Greg Warnock, founder of Junto Parnters, spoke at the UVEF meeting today.
I missed the first couple of minutes, but tried to take notes as best I could on my blackberry. Here they are:
Greg’s background: between 1988 and 1990 [dates might not be right] he started or funded 18 companies, including chemical, computer retail, selling cement edging, techsem(sic) labs which was a byu tech transfer deal, another company was a tech transfer deal from Cornell, another company had technology to monitor high volume freight.
Later, he invested in Knowlix, cofounded vSpring in 2000. This was something of a departure from pure entrepreneurship, but it was worthwhile. Our community needed this. But there were elements of entrepreneurship that he missed.
Without a grand scheme in mind, he invited 15 entrepreneurs to his home to discuss what gets in the way of people being entrepreneurs. He proposed telling them all he knew about entrepreneurship in 8 weeks, thinking that if they could just all work for themselves, this would be a cure for all job ailments. This discussion turned into Junto. Out of that group I selected 5. They named themselves Junto. Its hard to develop a peer group as an entrepreneur.
Failure comes from picking the wrong project, overcommitting to the wrong idea, or the lack of a little lubricating capital.
Q. Who funds the Junto group? A. The first year he did it. Last year he met Alan Hall. He has become committed to the Junto idea, so together they provided the capital for 2nd year’s groups of 10 Junto winners.
Q. What is the deal between Junto members and investors?A. We want it to become a self-sustaining model. When we run out of money, the first years’ should be returning to the fund.
Q. Does Junto get debt or equity in the startups?A. Primarily debt, but 35% equity is used to fuel future Juntos.
Introduction of Junto 2004
Brent Davis: His deal is a tool to sell to professional and collegiate sports teams, enabling them to communicate more with fans, and let fans track events they are planning to attend. The Junto model lets us look at a lot of deals, shut them down quickly if they don’t work. This idea works for him because local pro teams liked it, and it’s higher ticket, and it’s face to face sale. We sell it to teams as a subscription. They offer free downloads of our software to their fans. [He hasn’t heard of SportsNutz, which Steve Grizzelle said was sold recently.]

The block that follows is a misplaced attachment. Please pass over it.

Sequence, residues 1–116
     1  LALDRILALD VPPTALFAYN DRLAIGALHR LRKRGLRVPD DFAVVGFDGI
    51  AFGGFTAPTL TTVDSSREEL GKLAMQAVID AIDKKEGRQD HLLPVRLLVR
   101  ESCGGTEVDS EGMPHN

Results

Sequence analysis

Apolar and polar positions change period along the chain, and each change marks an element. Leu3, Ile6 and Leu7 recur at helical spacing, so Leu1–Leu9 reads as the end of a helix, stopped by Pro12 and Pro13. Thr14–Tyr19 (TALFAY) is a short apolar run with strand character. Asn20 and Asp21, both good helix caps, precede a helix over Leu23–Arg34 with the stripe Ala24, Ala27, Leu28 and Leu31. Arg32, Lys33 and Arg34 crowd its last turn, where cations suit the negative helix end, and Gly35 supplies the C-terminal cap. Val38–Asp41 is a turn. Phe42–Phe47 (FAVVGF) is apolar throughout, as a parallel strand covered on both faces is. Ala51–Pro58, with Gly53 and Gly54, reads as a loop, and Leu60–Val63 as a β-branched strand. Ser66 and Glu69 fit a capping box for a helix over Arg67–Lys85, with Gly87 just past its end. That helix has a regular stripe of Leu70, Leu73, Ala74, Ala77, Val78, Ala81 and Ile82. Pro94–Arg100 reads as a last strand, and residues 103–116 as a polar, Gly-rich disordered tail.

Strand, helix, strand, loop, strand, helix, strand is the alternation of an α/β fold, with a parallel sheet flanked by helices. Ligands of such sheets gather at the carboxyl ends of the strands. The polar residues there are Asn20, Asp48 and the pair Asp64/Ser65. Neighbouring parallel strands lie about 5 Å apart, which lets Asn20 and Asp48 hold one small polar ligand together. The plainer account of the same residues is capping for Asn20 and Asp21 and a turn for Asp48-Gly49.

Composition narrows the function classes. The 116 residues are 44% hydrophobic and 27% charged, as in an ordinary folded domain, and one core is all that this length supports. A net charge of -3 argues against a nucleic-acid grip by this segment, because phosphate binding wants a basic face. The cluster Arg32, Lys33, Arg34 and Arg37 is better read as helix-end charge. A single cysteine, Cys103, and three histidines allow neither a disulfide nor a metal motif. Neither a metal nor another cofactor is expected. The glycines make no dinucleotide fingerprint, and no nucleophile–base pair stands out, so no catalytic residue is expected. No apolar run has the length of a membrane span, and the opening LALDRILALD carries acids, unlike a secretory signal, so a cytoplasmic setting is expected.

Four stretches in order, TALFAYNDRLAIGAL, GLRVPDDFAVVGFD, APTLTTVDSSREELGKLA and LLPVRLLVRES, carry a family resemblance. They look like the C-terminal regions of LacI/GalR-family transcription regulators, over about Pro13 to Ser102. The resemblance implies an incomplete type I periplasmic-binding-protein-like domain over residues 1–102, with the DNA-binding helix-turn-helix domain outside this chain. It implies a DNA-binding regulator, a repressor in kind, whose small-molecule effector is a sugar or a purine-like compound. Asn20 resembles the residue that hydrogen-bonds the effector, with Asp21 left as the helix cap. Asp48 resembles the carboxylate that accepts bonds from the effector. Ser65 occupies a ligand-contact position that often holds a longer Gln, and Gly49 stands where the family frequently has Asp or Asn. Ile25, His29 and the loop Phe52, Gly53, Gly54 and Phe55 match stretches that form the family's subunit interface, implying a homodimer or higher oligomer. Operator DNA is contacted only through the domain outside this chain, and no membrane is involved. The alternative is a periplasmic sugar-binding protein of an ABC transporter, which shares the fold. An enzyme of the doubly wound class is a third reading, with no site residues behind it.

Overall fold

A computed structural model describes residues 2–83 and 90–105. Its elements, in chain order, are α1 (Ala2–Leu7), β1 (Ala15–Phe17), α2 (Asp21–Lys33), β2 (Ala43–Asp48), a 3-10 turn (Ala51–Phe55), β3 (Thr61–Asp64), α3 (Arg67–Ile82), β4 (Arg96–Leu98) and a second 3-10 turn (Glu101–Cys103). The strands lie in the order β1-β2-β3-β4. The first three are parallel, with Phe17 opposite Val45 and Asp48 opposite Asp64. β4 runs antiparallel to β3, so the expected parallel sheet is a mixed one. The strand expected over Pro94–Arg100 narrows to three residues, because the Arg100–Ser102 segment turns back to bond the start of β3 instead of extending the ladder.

Brent Thompson, Agile Studios. He runs a software engineering firm, they do a lot with open source. He already had this going before he joined Junto.
Q. What did he get out of it?A. Four partners that are smartest, brightest people he has met, great networks, plus Greg’s endless network.
Clint Carlos, Garagemahall (sic). They do high end custom garage interiors. Cabinets, flooring, lighting. Has been doing this a few months. He looked at a lot of deals before settling on this. He sent roofers to Florida after the hurricane, trying to put them to work in the winter during their offtime. But there was a major bottleneck in supplies, so it didn’t work out.
Q. What is the consequence of failure to you? A. Probably mostly shame. I want to be one of the first millionaire’s in the group. I don’t want to have to work for one of these other guys. But if wasn’t part of Junto I would love to work for any of these companies because of their growth potential.
Q. If you succeed, how does money get distributed?A. I own majority of my company and a small piece of others, and Junto owns a piece. There is no personal guarantee on the $50,000, which you would never get from a bank.
Will Allred, Firepoll. I was working on a marketing related deal, when a friend told me that the research was taking too long. The internet is supposed to provide instant communications, so they build software that allows them to run surveys quickly and sell data to companies, ad agencies, market research firms, etc.